What I need right now is a bag'o'plumbers tools ... just like the Krivits photo that Mary Y keeps gloating about. :P

  • According to Bruce_H at…ssi-gets-back-all-rights/ it seems like Rossi now claims that there is a recirculator that "pushed water into the inlet side of the Prominent pumps attached to the E-Cat devices. This supposedly helped each one deliver the 75 l/hour of water into the system".

    I guess this will be the explanation used if it turns out in Allans testing that the pump doesn't deliver Edit: 5975l/h (corected after coments from IH Fanboy and Jimmy).

    For obvious reasons, this is just stupid.

    If one already has a pump in the circuit capable of delivering whatever silly total flow claimed by Signor Rossi, there is no need whatever for a metering pump,

    All one needs to get the desired flow is an adjustable valve on its outlet, and a flowmeter. Possibly a top-up reservoir to ensure the circuit is always full of water.

    To be really clever, link the flowmeter to the valve.

  • It does not seem to have occurred to anyone that Prominent pump model numbers incorporate the MAXIMUM rated flow in litres/hour as their last 2 digits.

    Nor that their own blurb tells us that for the 0232 tells us that the maximum stroke rate, which cannot be exceeded, is 180 strokes/minute, and that that would, at maximum stroke length of 1.25mm, deliver 650 mL/minute = about 39 litres/hour

    If anyone is suggesting that 32l/hr is a MINIMUM flow rate, then I can guarantee that they have no experience whatsoever of diaphragm metering pumps

  • There are two questions at hand :

    a) what is the maximum measured flow rate for various outlet heights

    Addressing Smith's claim that you can't move 1MW's worth of water with those pumps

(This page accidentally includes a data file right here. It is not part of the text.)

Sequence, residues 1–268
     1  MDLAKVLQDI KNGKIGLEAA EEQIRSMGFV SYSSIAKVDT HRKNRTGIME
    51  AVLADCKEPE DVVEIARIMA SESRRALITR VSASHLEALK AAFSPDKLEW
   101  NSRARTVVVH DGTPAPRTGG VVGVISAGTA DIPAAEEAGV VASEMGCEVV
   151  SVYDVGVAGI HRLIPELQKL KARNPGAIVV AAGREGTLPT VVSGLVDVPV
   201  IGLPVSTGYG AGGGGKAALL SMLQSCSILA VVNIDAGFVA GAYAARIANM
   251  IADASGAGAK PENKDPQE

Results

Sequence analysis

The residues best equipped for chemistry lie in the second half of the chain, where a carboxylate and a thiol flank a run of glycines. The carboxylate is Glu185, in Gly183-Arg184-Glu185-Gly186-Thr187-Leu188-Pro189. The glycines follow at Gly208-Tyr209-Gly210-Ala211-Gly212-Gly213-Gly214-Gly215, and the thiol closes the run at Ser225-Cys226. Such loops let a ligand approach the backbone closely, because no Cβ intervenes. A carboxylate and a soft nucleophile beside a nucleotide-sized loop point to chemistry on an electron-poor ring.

b) what is the fluctuation of the flow rate over (say) a month.

    Addressing Murray (?) and Jed's hypothesis that the flow won't be rock steady.

    I have NO experience of diaphragm metering pumps.

    The spec says "MINIMUM" ... but I think that means that if you set the stroke length and rate to MAXIMUM then you will get AT LEAST 32l/hr at 2 Bars.

  • Then you might want to ask the manufacturer why their specs and manual state that it is a minimum flow rate.

    It is a bit weird, 'minimum guaranteed' would be clearer phrasing but for this type of pump you don't expect the flow rate to be much above this value. In fact there is no physical way it can be.

    I think Smith taking 32l/h off the faceplate as a max is reasonable if he states he is assuming 2 bar and didn't use the manual. Otherwise it is a strange mistake to make and could be seen as suspicious. As pump manuals go this one is pretty clear.

  • I appreciate the effort here but I'm wondering, has anybody (preferably a native speaker) contacted the manufacturer and asked what the operating range is for the pump in question? They usually are more than happy to provide the answer. Ask them what a reasonable maximum flow capacity can expected for this pump. If the manufacturer gives a value high enough then the experiment probably is not going to tell us much.

    Also the flow rate is specified as 'dosing rate.' My guess is that certain applications require the injection of a certain rate of liquid in which case you want to make sure the pump provides at least that amount. Of course one also would be interested in the maximum rate but the dosing rate as a minimum rate makes sense to me.